The Essential Elements Of Email Design
Designing an effective e-mail for your marketing campaign should be easy to read, easy to skim, professional looking and as simple as possible, meaning few graphics that will bog down the loading of the e-mail itself. It should also be inviting, professionally worded and should be an accurate representation of you and your company. It will show your customers that you have taken the time to put some serious effort into your marketing campaign because you appreciate and respect them.
Plus, if you make sure that you put the most enticing tidbits in your e-mail first, your customer will be more likely to read it. Invoke the 1-5-10 rule: the customer gives you one second to see what your e-mail is about, five seconds if you catch their attention, and ten seconds to read through the copy if they are interested in what you have to say. If the reader is not pulled in immediately, then you are doing something wrong and need to reconsider the wording of your content.
Will fill your e-mail with as much information as you possibly can, you still want to leave ‘white spaces’ in your content. These are the lines between paragraphs that give your eyes a chance to rest while reading. Use your white spaces to break between the different elements of your e-mail body. As you would pause at a comma when reading aloud, white spaces create a visual pause on the computer page you are reading.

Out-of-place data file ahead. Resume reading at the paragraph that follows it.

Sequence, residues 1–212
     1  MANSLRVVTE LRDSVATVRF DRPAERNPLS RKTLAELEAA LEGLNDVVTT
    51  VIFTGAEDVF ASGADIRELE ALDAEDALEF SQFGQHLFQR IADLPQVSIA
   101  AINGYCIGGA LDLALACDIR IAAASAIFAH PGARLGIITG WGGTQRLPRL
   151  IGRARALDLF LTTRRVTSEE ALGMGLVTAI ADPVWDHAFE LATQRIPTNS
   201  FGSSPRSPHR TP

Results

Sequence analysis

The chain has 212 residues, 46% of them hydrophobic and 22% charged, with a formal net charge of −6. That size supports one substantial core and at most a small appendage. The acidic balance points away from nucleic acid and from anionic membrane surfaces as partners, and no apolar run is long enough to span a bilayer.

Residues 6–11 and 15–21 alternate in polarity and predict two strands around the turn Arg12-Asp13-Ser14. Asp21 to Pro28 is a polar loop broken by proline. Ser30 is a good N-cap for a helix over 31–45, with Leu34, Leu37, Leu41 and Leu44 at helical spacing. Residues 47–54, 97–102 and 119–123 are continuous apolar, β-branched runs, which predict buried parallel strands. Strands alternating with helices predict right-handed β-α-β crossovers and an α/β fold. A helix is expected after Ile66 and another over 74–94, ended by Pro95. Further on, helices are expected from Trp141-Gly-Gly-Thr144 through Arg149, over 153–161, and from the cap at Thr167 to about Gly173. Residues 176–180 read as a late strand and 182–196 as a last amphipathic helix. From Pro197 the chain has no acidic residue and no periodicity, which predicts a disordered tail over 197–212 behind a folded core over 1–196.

The body of your e-mail can vary in length depending on what you are trying to convey. Longer content works great for a newsletter that conveys something new that you want your customers to learn. Short copy works well for promotional types of e-mails that attempt to get your customer to do something, like make a purchase or come to an event. Limit your fonts to styles that are not fancy, but easy to read. Try to keep your font size consistent and limit your headlines to one style.
You can make your content interesting and eye catching by using a little of color in the copy. If you want to attract the customer’s attention to an offer or call to action, choose a color that will catch the eye. The reader will see the different color and be curious as to why. Be consistent in your use of color throughout all of your e-mails. Your logo and the colors you use for certain elements of your e-mails are your public face and people will immediately relate them to you.
Finally, if you are going to use graphics in your copy content, make sure the colors you use to highlight certain elements complement the graphics. You don’t want to use graphics that are too busy or patterns that will take away from the message you are trying to convey. If your graphics is one that is too much to see and you want your reader to look at it, don't waste your time. They will ignore it, move on, and miss what could be an important message. They will not be interested in.